How our transcriptionists use the internet for research

Using the internet for research by Transcriptionists

Online Transcription Transcription Research

How our transcriptionists use the internet for research

Posted By Cathy Bennett

I asked my transcriptionists how they used the internet for research and to give some brief feedback on what they found useful.  Here are their responses:

My most valuable research tools are Google and http://www.dictionary.com. Google Maps is also a very useful tool when trying to come upon the spelling or location of areas I am unfamiliar with.  ID-100167461

I find Google and Wikipedia really helpful when it comes to researching. These cover every single topic imaginable, including medical terms etc.

When typing up strict verbatim I often use a good site that I came across to help with the spellings of some of the expressive interjections that people tend to use in speech:http://www.vidarholen.net/contents/interjections/.  I’ve also typed up a lot of foreign affairs transcripts in my time and Wikipedia and Investopedia are a God send and my go to sites in these instances. I bookmark any site I come across of particular use so that’s it’s always quickly within reach.

Generally I just do the usual Google searches for place names, etc, and use Google maps for names of places. Sometimes, to get the full address, I use the online Post Office Postcode Finder, and either use the road name or postcode, and this will then give you the full and correct postal address. With regard to dictionary, I just go online and do a search for Oxford dictionary, or similar, to find out how to spell a word. For people’s names I just again do a Google search, type in the name and LinkedIn is very handy sometimes to help find a person’s name and to see how it is spelt correctly.

Being able to research online is essential in my job as a transcriptionist and I rely heavily on search engines for anything from finding medical terminology, geographical locations, historical names and generally helping me to source all manner of subjects that I don’t have an in depth knowledge of. The best medical dictionary that I have found as medical terminology is often the hardest to know or find ishttp://www.medilexicon.com With online research I’m able to locate the correct name of, word or phrase regarding any topic in order to complete my work to a good standard which would otherwise be incredibly difficult or impossible.

Originally I used online research to pick the right company to work for, by viewing all the different transcription companies. I’ve also found free downloadable software that enables me to transcribe all types of audio files, the best one being http://www.fortherecord.com which includes use of a foot pedal with excellent sound quality.

Online research is an ongoing daily process for me and essential to my work.

On-line information sourcing is a great tool, however I think it’s imperative to use a reliable source and to cross reference because the information provided on-line is only as good as the person/company who provides it.

A lot of my research online usually pertains to the correct way of typing a word or a phrase or a title etcetera.   There are so many grammar rules – and being a perfectionist, I like to get it right.  Below are a couple of sites I frequently use:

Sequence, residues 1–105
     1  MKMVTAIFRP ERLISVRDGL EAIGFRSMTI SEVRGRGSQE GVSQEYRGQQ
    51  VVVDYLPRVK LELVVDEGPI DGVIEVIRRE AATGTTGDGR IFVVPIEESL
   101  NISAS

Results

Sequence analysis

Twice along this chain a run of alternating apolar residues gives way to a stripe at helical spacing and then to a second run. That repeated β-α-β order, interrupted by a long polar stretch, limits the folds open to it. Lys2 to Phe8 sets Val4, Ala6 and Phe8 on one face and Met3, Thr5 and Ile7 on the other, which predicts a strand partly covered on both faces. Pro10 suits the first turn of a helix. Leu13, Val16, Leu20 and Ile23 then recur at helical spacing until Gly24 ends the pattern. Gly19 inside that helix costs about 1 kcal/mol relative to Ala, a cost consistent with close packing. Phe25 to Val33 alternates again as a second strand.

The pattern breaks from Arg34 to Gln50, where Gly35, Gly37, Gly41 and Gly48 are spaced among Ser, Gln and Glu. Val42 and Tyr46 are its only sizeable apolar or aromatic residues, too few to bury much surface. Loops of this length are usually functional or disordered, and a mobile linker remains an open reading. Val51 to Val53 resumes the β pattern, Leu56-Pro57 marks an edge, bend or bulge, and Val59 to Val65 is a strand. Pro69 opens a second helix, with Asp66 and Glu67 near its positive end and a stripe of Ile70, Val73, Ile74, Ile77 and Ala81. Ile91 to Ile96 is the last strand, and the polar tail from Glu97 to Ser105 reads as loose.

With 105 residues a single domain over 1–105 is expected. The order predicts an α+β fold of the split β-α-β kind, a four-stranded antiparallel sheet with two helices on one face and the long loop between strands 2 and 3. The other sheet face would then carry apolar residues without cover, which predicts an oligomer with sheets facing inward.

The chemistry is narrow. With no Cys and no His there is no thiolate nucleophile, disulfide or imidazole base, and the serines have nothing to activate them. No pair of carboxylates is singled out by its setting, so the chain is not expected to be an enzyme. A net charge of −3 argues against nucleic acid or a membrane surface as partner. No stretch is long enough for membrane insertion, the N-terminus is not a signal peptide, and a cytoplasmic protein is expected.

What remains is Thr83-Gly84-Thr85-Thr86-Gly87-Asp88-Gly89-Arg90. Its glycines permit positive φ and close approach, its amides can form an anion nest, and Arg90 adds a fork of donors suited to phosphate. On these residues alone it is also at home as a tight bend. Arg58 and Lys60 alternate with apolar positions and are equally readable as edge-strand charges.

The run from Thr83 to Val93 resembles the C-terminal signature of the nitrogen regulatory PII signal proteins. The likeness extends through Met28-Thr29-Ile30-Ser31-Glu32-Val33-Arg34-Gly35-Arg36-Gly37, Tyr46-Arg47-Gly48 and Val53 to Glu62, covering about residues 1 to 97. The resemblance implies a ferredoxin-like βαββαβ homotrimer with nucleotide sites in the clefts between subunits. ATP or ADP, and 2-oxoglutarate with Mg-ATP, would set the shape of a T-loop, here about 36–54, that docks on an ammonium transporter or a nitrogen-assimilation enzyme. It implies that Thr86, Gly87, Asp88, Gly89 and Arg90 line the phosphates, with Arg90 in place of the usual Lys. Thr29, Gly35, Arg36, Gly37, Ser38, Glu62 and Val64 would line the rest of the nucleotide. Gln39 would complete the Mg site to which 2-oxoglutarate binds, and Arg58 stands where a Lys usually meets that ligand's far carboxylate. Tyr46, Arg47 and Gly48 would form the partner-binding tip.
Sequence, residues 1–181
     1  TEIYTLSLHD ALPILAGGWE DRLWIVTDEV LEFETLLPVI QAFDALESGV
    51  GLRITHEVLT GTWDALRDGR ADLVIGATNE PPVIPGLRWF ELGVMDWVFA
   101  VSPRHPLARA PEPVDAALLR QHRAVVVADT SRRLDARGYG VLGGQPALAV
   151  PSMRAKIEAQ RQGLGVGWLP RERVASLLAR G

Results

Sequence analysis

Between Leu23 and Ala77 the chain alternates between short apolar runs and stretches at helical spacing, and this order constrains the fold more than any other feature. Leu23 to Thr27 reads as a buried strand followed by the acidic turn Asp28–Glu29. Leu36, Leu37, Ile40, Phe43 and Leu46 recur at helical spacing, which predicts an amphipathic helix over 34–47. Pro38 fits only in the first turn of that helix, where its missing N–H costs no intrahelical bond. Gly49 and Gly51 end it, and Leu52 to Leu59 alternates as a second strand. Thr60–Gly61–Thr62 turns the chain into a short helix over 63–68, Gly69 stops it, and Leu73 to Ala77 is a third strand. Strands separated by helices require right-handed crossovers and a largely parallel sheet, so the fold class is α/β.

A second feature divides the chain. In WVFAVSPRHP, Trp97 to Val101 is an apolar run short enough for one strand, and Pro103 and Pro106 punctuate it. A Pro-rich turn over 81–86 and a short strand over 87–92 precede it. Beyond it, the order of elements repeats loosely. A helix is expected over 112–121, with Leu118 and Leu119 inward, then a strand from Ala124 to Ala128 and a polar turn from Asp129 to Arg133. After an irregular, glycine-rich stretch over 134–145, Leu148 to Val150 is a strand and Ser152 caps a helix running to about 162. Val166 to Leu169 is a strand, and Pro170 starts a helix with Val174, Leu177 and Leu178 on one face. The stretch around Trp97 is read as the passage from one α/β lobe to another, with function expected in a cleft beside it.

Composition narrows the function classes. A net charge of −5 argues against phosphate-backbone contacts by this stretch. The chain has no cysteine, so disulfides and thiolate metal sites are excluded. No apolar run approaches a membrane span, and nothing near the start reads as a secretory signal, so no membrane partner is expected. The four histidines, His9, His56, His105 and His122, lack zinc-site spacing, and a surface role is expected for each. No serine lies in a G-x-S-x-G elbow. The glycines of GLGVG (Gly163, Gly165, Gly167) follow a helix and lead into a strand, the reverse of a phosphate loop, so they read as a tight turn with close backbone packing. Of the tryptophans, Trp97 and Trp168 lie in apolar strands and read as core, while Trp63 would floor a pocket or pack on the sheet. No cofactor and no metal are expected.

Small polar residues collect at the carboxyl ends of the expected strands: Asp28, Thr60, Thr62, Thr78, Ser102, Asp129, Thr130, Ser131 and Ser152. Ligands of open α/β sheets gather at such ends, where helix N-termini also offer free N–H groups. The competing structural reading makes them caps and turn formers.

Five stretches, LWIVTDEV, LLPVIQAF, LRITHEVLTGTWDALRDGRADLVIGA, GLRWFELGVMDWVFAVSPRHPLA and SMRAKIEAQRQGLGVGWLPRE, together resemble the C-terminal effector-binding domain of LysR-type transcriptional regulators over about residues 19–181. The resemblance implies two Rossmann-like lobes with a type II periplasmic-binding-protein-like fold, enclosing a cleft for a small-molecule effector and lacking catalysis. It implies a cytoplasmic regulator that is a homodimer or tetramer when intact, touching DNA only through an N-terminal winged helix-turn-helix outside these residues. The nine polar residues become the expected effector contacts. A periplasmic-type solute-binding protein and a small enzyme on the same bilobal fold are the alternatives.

http://grammar.about.com/

A comprehensive guide to composition and grammar written by Richard Nordquist, who is Professor Emeritus of Rhetoric and English at Armstrong Atlantic State University.  

http://grammar.quickanddirtytips.com/

Mignon Fogarty’s Guide to Common Spelling, Grammar and Syntax Questions. 

http://www.merriam-webster.com/

A very useful online dictionary that includes small articles on various issues in grammar and spelling.

I don’t use particular web sites and I don’t use Google very much, but I tend use DuckDuck (UK search engine), as I prefer the privacy.  Google tends to track everything you do, whereas DuckDuck doesn’t.

If I’m looking up spellings I tend to just type in my guessed spelling, which will usually comes up with the correct spelling of it.  It’s, obviously, a little trickier with specific names, but I put the name of person and the company name, or something like that, and will often get the correct person that way.

If I’m looking up medical terms and drugs, etc, I tend to type in the company, or trial name that’s being talked about and manage to find the correct spellings that way.

Again, when I did the tape about the Commonwealth, I just typed in, say, the date of a particular Commonwealth visit and name of country or name of Head of State and manage to find what I was looking for that way.

Lastly, my opinion: I think Google and other search engines are an excellent research tool and I don’t know how we ever survived without it. The internet is useful for nearly everything, as people have said above, finding lost family, finding useful information (Wikipedia is amazing), the internet is a brilliant resource for children’s homework and study, Google maps for directions, social media, the list is endless. It’s quite funny because in a lot of conversations today, if somebody doesn’t know the answer to a question, whatever it may be, somebody will say “Google it!” A very interesting blog topic.

Catherine Bennett

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